Despite popularity and a passionate readership, genre fiction gets a bad rap. The guilty-pleasure, low-culture stigma of Harlequin romances and Dungeons & Dragons–inspired fantasy novels can wrongly paint all genre fiction with the same fluffy brush, relegating it to the backs of bookstores and readers’ bookshelves.
But just as the Internet has shaken up the news industry, these early days of electronic-book publishing suggest much-maligned genre fiction is now running side-by-side with—or even outpacing—literary fiction.
Fiction in general is leading the way in e-book downloads, with literary fiction and the genre-fiction categories of science fiction and romance each accounting for more than 20 percent of all e-book purchases. That’s according to an ongoing study of consumer attitudes toward e-book reading by New York’s Book Industry Study Group. The research, which started in 2009, tracks the habits of American e-book readers through survey data collected by Bowker LLC’s PubTrack Consumer, a publishing information service. The latest survey analysis was released in April.
While some book publishers continue to scratch their heads over how their industry will survive in the digital age, fiction’s overall success in the electronic market proves that e-books are lucrative as long as the reading platform fits the literary product.
BISG research shows that people who use dedicated e-readers (a Kindle or Nook, not a multipurpose device like an iPad or Android smartphone) read more fiction than anything else. They’re least likely to use e-readers for textbooks, travel books, religious literature, or young-adult literature, or for academic or professional purposes. Readers who do more interactive reading that includes information graphics and multimedia prefer tablet devices like the iPad.
“Where are places that e-book technology really does a great job? It tends to be in places where it’s pure narrative, where portability is a big benefit, where cost is a big benefit,” Steve Paxhia told the Georgia Straight. The publishing-industry analyst cowrote the latest e-book consumer report for BISG with partner John Parsons.
Reached by cellphone on a train home to Boston, Paxhia is a frequent traveller and enjoys reading mystery novels. His e-reader’s compact size and capacity to store a generous library has trumped his previous preference for print books.
“It also has to do with where you don’t want to keep your book,” he said. “I love mystery novels, but after I’ve read them, they just take up space.”
Paxhia’s tendency to finish a mystery quickly and not reread it is a common habit among genre-fiction enthusiasts, according to Linda L. Richards, a journalist and author of six crime-fiction novels, many of which are e-books.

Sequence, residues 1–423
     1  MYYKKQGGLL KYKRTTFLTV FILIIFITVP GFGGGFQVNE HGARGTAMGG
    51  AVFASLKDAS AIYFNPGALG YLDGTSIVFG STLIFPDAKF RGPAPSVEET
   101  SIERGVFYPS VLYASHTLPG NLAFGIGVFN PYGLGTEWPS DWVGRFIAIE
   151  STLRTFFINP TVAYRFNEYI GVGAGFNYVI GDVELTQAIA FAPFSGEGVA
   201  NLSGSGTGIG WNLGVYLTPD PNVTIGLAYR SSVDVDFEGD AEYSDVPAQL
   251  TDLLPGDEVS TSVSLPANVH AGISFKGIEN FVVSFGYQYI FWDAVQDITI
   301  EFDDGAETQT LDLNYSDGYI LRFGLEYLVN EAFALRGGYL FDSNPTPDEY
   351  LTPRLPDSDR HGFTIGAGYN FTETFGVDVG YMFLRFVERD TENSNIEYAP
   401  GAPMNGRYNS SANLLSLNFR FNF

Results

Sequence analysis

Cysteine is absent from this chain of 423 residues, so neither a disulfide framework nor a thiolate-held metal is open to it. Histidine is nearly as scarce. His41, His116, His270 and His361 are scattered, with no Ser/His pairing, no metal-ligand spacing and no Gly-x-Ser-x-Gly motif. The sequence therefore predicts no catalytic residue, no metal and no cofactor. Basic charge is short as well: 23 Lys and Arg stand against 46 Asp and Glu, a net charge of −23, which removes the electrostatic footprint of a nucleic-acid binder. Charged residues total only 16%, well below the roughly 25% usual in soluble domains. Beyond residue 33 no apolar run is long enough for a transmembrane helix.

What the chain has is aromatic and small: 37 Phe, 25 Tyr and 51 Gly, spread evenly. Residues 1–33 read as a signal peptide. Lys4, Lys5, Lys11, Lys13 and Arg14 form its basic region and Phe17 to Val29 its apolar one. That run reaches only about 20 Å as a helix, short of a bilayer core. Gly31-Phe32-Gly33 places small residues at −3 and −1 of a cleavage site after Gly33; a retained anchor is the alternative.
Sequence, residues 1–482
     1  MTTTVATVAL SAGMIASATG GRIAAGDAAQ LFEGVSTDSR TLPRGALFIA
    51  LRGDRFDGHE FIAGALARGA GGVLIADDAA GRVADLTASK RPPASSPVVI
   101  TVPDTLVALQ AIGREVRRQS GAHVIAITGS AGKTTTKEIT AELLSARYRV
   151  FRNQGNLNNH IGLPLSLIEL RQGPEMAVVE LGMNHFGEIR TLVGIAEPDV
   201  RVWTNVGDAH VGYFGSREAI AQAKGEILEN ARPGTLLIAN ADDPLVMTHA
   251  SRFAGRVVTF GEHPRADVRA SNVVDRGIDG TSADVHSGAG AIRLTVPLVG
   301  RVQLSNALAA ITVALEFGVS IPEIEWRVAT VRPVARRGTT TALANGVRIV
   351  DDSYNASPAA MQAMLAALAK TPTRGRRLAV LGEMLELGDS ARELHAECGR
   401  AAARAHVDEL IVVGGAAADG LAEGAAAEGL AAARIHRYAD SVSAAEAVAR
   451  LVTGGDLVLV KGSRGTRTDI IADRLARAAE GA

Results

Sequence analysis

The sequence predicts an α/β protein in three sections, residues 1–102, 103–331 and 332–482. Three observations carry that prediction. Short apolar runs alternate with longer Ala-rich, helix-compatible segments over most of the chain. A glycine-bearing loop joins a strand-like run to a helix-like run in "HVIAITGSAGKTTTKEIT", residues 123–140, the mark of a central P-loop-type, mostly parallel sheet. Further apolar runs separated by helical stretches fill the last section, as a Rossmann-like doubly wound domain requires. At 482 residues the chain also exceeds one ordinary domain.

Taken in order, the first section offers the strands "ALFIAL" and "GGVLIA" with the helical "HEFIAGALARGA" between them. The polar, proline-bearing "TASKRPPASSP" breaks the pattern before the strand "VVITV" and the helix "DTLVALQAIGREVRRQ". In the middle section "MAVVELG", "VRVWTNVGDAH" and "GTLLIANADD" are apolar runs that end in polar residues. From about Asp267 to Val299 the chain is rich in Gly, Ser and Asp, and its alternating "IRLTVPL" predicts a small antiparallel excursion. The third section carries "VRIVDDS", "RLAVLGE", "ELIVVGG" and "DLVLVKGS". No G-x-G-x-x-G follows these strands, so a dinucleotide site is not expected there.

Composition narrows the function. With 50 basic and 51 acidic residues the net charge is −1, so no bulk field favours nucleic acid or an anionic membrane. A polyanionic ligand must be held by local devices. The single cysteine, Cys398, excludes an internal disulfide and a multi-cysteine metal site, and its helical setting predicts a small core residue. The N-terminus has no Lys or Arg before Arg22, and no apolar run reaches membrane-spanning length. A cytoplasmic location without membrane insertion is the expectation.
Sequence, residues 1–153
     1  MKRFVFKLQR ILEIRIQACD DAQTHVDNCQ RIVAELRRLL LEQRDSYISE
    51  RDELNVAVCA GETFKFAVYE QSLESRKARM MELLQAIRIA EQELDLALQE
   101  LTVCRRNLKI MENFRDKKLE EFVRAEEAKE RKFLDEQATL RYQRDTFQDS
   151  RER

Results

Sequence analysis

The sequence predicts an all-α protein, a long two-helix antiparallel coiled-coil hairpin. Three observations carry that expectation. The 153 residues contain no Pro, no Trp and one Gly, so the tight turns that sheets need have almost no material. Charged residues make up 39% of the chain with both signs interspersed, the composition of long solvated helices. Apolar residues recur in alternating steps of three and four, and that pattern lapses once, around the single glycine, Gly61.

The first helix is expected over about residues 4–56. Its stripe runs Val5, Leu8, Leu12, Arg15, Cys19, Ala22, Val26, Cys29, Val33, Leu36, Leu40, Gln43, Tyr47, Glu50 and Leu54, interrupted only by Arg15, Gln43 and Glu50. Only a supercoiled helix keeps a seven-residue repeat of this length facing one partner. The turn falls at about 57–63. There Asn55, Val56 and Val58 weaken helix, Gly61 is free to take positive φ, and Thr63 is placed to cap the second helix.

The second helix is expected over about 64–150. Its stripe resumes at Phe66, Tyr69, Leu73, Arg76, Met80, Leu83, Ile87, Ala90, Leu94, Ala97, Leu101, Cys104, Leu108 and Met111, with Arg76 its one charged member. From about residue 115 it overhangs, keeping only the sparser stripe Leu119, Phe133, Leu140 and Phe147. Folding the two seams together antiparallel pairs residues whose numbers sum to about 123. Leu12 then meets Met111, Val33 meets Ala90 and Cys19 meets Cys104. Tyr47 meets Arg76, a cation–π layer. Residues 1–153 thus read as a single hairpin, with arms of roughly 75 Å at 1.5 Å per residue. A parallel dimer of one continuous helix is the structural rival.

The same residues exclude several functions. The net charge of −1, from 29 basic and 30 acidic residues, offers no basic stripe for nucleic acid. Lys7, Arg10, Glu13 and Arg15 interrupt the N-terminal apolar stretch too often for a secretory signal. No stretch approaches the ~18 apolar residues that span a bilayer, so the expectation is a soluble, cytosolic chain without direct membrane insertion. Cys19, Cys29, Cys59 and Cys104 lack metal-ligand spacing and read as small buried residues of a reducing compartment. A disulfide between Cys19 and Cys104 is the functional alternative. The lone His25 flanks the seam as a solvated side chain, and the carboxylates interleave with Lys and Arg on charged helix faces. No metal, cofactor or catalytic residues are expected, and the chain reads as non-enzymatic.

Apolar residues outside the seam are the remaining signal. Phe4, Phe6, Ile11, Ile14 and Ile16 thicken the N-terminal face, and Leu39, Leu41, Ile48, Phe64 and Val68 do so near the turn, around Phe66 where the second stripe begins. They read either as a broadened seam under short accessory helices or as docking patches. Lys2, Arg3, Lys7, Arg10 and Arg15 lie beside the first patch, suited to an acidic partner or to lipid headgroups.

Richards noted the e-book shift is easy for genre-fiction consumers because they’re voracious readers frequently on the lookout for new material. She recalled that, during a recent mystery readers’ and writers’ conference, fans said they read multiple books a week. “They’re hungry for new stuff,” she said by phone from her home on the Gulf Islands.
The appetite for new material holds true in the romance genre, too, Richards noted. While BISG research shows that general fiction and mystery are the fastest-growing categories for e-books, romance leads all genres. Canada’s Harlequin Enterprises is one of the top sellers.
“Electronic books are doing well in certain parts of the market where the readers are voracious,” Richards said. “And they’re seeing a huge cost saving and a huge physical-space saving.”
Peter Darbyshire worked for six years as a proofreader for Harlequin Enterprises, until he left Toronto for Vancouver in 2003. Since then, he’s focused on fiction writing and journalism, and has authored two novels.
Darbyshire noted that the romance industry has done for years what the electronic market has only now pushed other authors and publishers to start addressing. Romance wisely cuts out industry gatekeepers and focuses heavily on readers.
“The romance industry has always done a very good job of reaching out to the readers [as] opposed to the bookstores, which is what [traditional] publishers normally do,” he said, on the phone from his home in Langley.
Darbyshire doesn’t consider himself a genre-fiction author, but his own forays in electronic publishing have been gratifying. In the process of rereleasing a 2003 novel as an e-book, Darbyshire enjoyed a great deal of creative control and considerable savings on production costs.
“There’s no substantial cost to putting out your own e-book,” Darbyshire said. “It’s this incredible, democratic new medium. Anybody can publish with no problem and start making an income off of it. It’s kind of made the whole gate-keeping model obsolete.”
For those print booksellers and industry gatekeepers who carry on in the e-book era, survival will rely on specialization, by genre or otherwise.
Along West 10th Avenue in Point Grey, Walter Sinclair has co-owned White Dwarf Books for 33 years, and Dead Write Books for 20. His science-fiction and mystery bookstores have survived the ups and downs of Vancouver’s tumultuous book-selling landscape because genre readers read more than others, he maintains.
Sinclair acknowledges genre fiction’s struggle for literary legitimacy. “Genres have always been sort of ghettoized,” Sinclair said by phone from White Dwarf, “despite the fact that there are literary successes in genre fiction as well as in general fiction.” Avid readers, according to him, are responsible for the genre-fiction industry’s success.
These same readers have kept his businesses alive. “I’m a science-fiction and mystery reader. That’s why we chose our specialties,” Sinclair said. “But one of the reasons that we hoped that—and it turns out it was—a success was because, yes, genre readers do read more. It’s definitely helped us survive.”